The redesigned cruiser tank, the A13 Mk.II, Cruiser Tank Mk IV, had a new armour thickness of 30 mm and additional sloping armour was put onto the sides and rear of the turret. The Vickers machine gun used as the coaxial armament was also replaced by the BESA machine gun, a licensed Czech ZB-53 machine gun, due to issues with the Vickers gun. Around 225 to 665 A13 Mk.II tanks were produced from 1940 until late 1941.
The A13 first saw combat in the Battle of France under the British Expeditionary Force in 1940. The A13 encountered many trouble during its employment, the crew have little to no training with the new tanks due to their rushed adoption into service, the tanks were in poor condition and some were even missing parts. The A13s were used in the 1st Armoured Division, but many were either destroyed by the superior German armoured forces or abandoned at Calais during the evacuation of Allied troops at Dunkirk, which forced the units to leave behind their heavier equipment.
After the disaster at France, the A13 were still used to support the war. Some were sent to Greece to support their defense against Germany in the Battle of Greece, but a majority were sent to North Africa as part of the Western Desert Campaign near Libya under the 7th Armoured Division. Compared to the time in France, the A13s in North Africa fared much better, ironing out most of its initial defects, and was even more suited to the environment than other tank designs. The A13 was popular with the crew for its high speed, reliability, and a powerful 2-pounder cannon that could engage a majority of Axis tanks in 1941. However, there was an insufficient number of A13s available for use, so tank units were mixed with the faster cruiser tanks and slower infantry tanks, which caused tactical and logistical difficulties trying to accommodate all of the tanks. Another deficiency with the tank and every other British tank with the 2-pounder was the lack of high-explosive shell issued to the tankers, which made them vulnerable to anti-tank guns, which caused a majority of British tank losses in the North African Campaign. Still, the A13 fared very well with its armour and armament until the late 1941 where better armoured Panzer IIIs and Panzer IVs began to appear on the battlefield.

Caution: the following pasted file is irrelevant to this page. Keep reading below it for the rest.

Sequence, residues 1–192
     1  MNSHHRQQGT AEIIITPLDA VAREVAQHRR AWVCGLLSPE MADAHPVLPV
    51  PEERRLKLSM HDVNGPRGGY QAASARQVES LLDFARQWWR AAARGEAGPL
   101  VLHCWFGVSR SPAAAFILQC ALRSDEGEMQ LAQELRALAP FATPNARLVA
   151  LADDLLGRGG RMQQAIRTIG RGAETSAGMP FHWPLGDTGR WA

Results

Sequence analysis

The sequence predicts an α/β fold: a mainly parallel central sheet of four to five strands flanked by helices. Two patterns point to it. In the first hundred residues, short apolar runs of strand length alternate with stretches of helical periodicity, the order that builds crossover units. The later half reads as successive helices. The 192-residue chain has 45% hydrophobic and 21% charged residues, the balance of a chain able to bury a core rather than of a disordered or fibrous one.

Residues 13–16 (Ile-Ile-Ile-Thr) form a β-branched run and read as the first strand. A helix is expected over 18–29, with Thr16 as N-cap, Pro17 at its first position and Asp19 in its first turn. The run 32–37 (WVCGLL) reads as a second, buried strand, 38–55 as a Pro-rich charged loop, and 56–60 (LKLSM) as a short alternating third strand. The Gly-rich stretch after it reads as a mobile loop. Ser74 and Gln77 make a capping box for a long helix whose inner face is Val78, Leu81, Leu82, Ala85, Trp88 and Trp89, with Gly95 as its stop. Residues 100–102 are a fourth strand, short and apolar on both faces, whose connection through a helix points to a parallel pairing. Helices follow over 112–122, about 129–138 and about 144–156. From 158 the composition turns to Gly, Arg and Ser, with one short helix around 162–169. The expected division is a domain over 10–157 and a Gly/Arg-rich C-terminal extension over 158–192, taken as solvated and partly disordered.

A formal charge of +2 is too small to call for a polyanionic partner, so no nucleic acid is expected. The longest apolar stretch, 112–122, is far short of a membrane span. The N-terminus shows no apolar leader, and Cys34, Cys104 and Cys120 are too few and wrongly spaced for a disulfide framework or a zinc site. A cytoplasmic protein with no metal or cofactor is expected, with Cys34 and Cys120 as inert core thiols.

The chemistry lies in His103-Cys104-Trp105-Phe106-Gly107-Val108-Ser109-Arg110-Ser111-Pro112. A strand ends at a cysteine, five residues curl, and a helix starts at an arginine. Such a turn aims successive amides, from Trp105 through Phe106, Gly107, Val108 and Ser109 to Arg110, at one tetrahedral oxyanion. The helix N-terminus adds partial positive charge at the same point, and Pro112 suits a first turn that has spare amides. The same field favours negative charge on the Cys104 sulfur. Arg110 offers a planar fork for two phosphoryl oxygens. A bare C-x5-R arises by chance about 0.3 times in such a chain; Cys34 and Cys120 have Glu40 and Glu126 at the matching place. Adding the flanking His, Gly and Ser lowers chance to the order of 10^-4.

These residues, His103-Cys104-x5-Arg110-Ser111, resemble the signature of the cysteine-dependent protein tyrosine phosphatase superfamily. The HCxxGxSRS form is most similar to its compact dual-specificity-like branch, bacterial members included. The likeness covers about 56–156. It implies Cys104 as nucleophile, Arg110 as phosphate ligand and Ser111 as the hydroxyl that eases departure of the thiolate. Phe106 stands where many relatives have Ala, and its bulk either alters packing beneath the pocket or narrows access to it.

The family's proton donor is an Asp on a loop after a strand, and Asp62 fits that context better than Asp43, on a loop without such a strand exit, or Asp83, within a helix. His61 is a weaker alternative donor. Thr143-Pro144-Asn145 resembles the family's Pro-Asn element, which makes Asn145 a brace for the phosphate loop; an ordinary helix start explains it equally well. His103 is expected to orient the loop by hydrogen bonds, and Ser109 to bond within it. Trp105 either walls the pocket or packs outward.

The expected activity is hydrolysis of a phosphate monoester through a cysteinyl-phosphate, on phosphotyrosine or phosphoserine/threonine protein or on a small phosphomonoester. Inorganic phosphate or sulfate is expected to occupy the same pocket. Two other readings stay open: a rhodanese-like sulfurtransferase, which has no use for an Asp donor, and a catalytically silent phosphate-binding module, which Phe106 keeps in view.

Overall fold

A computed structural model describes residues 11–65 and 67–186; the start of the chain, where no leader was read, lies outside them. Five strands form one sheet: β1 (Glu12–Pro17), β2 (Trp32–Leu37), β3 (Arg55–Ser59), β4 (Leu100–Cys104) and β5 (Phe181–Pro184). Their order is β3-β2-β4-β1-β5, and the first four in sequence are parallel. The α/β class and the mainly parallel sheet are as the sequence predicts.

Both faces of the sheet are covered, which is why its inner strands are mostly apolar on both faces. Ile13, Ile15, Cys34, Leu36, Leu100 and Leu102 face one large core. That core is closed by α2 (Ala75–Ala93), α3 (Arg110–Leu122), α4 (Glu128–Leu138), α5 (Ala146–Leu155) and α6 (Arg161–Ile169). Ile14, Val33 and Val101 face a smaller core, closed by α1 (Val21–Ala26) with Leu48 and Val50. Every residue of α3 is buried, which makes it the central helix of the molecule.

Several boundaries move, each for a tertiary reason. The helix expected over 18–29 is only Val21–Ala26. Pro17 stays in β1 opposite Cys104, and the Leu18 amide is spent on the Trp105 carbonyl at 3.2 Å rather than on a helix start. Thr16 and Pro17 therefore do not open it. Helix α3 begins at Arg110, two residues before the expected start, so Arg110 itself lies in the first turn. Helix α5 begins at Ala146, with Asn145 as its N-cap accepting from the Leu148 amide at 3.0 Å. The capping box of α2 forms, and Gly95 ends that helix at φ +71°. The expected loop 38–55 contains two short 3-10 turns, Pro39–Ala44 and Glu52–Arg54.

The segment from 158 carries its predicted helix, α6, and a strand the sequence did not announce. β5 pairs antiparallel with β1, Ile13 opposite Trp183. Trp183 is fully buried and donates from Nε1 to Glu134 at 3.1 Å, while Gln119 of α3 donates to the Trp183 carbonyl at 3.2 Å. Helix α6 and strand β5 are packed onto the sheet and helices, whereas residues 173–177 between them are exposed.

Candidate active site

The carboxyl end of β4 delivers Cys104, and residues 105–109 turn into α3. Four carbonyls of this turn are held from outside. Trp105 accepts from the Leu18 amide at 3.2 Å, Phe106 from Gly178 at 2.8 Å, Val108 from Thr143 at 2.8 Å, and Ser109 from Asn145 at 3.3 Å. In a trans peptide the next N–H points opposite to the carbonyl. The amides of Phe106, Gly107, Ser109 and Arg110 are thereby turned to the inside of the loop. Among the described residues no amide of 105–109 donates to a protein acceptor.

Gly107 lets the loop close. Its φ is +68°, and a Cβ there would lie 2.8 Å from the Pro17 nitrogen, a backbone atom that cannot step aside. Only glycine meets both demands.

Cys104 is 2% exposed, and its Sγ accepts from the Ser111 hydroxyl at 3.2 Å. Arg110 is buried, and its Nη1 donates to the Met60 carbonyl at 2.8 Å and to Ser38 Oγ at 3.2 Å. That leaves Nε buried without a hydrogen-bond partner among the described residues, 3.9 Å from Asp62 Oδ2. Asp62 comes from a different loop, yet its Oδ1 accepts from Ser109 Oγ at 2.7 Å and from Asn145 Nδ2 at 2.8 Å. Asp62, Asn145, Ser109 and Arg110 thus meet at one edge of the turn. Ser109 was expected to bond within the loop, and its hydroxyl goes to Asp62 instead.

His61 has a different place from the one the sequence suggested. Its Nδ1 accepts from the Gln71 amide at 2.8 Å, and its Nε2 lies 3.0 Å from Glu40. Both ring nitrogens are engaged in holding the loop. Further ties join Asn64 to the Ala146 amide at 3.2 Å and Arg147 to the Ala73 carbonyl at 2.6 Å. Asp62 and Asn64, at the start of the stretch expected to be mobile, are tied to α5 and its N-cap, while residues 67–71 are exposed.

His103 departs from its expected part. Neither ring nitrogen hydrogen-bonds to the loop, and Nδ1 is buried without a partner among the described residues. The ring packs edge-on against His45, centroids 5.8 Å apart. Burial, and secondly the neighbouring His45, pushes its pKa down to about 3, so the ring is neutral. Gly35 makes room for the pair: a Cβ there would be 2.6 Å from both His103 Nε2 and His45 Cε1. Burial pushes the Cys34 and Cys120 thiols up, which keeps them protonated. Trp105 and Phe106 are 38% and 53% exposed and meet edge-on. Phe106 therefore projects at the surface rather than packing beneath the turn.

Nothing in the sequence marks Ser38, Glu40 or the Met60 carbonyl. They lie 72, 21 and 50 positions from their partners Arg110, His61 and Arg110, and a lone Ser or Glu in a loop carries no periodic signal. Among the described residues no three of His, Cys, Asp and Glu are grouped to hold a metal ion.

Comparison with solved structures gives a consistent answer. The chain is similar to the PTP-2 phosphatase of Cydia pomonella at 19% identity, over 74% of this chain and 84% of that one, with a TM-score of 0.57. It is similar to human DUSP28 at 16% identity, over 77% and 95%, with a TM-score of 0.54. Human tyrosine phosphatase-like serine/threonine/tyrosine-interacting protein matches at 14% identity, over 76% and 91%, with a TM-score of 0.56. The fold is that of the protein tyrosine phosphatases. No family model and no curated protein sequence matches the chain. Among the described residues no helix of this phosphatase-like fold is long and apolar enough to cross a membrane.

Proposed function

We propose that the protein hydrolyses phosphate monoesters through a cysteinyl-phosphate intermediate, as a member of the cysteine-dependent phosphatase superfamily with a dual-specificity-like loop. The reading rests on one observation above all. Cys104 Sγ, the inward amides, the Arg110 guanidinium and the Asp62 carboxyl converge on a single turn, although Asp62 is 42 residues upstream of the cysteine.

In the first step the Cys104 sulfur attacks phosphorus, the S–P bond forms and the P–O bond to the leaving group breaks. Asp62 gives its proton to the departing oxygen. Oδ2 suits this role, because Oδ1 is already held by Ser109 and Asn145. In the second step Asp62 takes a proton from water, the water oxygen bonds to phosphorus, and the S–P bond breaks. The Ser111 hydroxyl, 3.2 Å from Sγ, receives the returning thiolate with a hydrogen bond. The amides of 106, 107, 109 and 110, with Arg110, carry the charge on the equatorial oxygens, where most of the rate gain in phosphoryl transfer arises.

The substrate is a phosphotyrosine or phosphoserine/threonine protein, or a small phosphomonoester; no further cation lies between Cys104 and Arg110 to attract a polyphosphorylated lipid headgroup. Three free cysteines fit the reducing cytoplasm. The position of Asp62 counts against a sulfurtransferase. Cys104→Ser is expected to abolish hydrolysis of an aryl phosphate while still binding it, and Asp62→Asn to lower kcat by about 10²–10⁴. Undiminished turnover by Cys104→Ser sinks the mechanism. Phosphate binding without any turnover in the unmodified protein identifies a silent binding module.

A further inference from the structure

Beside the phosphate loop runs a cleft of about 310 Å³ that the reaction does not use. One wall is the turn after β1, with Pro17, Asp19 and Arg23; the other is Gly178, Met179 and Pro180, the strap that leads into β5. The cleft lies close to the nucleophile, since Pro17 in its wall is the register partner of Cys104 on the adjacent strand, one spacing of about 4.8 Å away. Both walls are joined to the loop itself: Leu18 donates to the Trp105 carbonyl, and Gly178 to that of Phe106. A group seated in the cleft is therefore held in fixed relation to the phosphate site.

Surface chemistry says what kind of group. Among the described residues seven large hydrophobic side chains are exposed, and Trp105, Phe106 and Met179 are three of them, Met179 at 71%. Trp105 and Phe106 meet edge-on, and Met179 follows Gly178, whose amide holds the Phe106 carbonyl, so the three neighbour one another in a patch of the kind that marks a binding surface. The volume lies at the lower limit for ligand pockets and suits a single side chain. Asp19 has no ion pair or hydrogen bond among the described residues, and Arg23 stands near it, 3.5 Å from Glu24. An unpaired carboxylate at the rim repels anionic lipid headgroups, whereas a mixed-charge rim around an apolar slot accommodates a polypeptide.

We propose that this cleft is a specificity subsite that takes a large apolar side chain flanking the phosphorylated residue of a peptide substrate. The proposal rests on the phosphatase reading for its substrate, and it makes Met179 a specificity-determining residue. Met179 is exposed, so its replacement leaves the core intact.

Due to its growing obsolescence on the battlefield, the A13 was replaced in 1941 by the better armoured A15 Crusader tank.
Links to the articles on the War Thunder Wiki that you think will be useful for the reader, for example:
- reference to the series of the vehicles;
- links to approximate analogues of other nations and research trees.
Paste links to sources and external resources, such as:
- topic on the official game forum;
- other literature.
|Nuffield Mechanizations and Aero Limited|
|Tank, Cruiser, Mk III (A13 Mk I)||A13 Mk I · A13 Mk I (3rd R.T.R.)|
|Tank, Cruiser, Mk IV (A13 Mk II)||A13 Mk II · A13 Mk II 1939|
|Tank, Cruiser, Mk VI, Crusader (A15)||Crusader II · Crusader "The Saint" · Crusader III|
|SPAAs||Crusader AA Mk I · Crusader AA Mk II|
|Britain light tanks|
|A13||A13 Mk I · A13 Mk I (3rd R.T.R.) · A13 Mk II · A13 Mk II 1939|
|A15||Crusader II · Crusader "The Saint" · Crusader III|
|Wheeled||Daimler Mk II · AEC Mk II|
|SARC||SARC MkIVa · SARC MkVI (2pdr) · SARC MkVI (6pdr)|
|Ratel||Ratel 90 · Ratel 20|
|Rooikat||Rooikat Mk.1D · Rooikat 105 · Rooikat MTTD|
|Other||Concept 3 · Eland 90 Mk.7|
|USA||Stuart I · Stuart III|